In March 2017, a retired policeman by the name of Arturo Lascañas appeared before the Senate and shared a shocking, gruesome tale: He had been, he confessed, a hitman, a hired assassin — the leader in fact of the so-called Davao Death Squad (DDS), which had long been said to have carried out scores of killings of criminal suspects, political opponents, and other people deemed undesirable in Davao. The killings were upon the orders of the then-city mayor, said Lascañas. That mayor was Rodrigo Duterte, who was now the President of the Philippines.
Lascañas’ testimony before the Senate, and in his statements in an earlier press conference where he was presented to the public by then Sen. Antonio Trillanes IV, named names and places, detailed out specific incidents, and contained information that dovetailed with allegations separately made by another whistle-blower, Eduardo Acierto, in a report that Acierto submitted to both the Philippine National Police and the organization where he was formerly detailed, the Philippine Drug Enforcement Agency (PDEA), in 2017.
But despite Lascañas’ bombshell revelations, the Senate made short shrift of his testimony, describing it as “self-serving and not worthy of belief and bereft of credibility.” Lascañas had owned up to his participation in extrajudicial killings and other crimes in Davao, but the Senate said he was “not the person to prove [the DDS’] actual existence and finally bring to justice the perpetrators of numerous unresolved crimes in Davao City or elsewhere if proven so.”
While Lascañas’ disclosures were officially scorned and ignored, President Duterte’s administration replicated on a nationwide scale the brutal “war on drugs” he had patented in his hometown, with bodies soon piling up in the hundreds, then in the thousands, invariably from bloody police operations that left drug suspects dead and riddled with bullets because they allegedly fought back.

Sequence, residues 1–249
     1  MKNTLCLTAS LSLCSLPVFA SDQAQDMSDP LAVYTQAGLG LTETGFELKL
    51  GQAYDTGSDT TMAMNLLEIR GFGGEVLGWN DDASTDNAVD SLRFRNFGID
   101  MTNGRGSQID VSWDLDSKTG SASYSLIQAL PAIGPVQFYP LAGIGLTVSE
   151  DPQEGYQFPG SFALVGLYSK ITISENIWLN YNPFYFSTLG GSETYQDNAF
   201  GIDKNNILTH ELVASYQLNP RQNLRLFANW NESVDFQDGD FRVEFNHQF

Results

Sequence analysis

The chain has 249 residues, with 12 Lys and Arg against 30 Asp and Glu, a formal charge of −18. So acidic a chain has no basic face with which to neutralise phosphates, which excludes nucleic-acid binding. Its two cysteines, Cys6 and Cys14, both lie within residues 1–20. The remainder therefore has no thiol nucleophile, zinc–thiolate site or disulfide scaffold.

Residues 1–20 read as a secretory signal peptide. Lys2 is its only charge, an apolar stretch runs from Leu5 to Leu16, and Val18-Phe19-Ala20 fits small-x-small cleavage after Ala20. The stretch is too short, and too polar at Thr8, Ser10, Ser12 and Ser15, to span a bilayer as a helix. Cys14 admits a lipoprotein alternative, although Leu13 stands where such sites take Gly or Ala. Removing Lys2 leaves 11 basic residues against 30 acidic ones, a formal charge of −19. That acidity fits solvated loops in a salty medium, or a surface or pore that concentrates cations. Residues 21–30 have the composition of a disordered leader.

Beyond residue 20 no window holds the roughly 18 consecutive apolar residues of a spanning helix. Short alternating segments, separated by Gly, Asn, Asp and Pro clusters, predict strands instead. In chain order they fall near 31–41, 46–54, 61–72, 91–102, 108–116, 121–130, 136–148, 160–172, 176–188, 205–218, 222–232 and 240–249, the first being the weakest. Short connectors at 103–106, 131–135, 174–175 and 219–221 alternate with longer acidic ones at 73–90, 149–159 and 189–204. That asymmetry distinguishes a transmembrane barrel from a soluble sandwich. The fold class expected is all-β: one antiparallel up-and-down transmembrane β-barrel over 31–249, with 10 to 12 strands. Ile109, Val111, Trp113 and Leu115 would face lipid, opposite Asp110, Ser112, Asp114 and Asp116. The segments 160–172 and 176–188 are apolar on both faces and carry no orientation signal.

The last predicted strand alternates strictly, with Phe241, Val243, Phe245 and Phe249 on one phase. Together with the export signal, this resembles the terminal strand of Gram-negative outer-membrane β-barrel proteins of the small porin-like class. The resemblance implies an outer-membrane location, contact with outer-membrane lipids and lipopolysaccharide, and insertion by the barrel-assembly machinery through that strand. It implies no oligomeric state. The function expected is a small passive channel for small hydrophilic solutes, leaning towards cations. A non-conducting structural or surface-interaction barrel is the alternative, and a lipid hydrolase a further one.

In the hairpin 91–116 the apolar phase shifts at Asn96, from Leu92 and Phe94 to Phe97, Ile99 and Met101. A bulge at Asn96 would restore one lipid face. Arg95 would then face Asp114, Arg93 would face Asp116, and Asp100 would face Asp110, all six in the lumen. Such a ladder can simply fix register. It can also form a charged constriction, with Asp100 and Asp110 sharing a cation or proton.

Over four years later, Lascañas’ discarded testimony has reemerged and has found a new, more receptive audience: the International Criminal Court (ICC), which is investigating the spate of drug war killings from Mr. Duterte’s mayorship to the first years of his presidency. The court has reportedly accepted a 186-page affidavit of Lascañas’ confession as possible evidence in the case, and has granted him limited immunity under which he would not be prosecuted for the crimes he said he was ordered to do by Mayor Duterte and his cohorts.
The landmark Lascañas deal indicates that the ICC, the tribunal tasked with prosecuting global impunity, has pored over Lascañas’ testimony and has found enough merit in it to justify including it in the case for crimes against humanity being built up against Mr. Duterte et al.
What are Lascañas’ most damning claims? For one, that Mr. Duterte ordered and paid him and other members of the DDS to kill criminals and political opponents during his time as mayor. The orders were allegedly given either directly by “Superman,” code for then Mayor Duterte, or through his trusted aides.
One of those he and his group were allegedly ordered to kill was radio host Jun Pala Jr., a fierce critic of the mayor. Lascañas said he was hired for the job through the mayor’s driver, SPO4 Sonny Buenaventura. Two days after they killed Pala in an ambush on Sept. 6, 2003, Lascañas said Mr. Duterte paid the group P3 million through Buenaventura.
They also bombed mosques in 1993 as a form of retaliation after Moro rebels were blamed for the bombing of a Roman Catholic cathedral.
Lascañas claimed that with the consent of Mayor Duterte, he and his group shot dead a kidnapping suspect in Davao along with the man’s pregnant wife, young son, father-in-law, and two others. “All right, make it clean,’’ he quoted Mayor Duterte as telling him.
Significantly, Lascañas also wrote in his affidavit to the ICC about the alleged illegal drug trade of a person close to Mr. Duterte, the mysterious Michael Yang, who is now a central figure in the Senate investigation into anomalous government transactions with an underfunded company supposedly bankrolled by Yang. When he became President, Mr. Duterte appointed the Chinese businessman as “special economic adviser” and cleared him of involvement in illegal drugs. The mayor also allegedly ordered the Dec. 31, 2004 killing of several Chinese drug suspects arrested during a PDEA operation who could reveal Yang’s involvement in the illegal drug trade.
Lascañas’ first-hand testimony will have to go through the independent and rigorous processes of the tribunal, but the fact that it is now part of the investigation’s official record underlines how seriously the international case against Mr. Duterte and his drug war lieutenants appears to be proceeding. The truth about a particularly dark era of murder and mayhem in the country may soon come to light, and with it some form of justice and reckoning.
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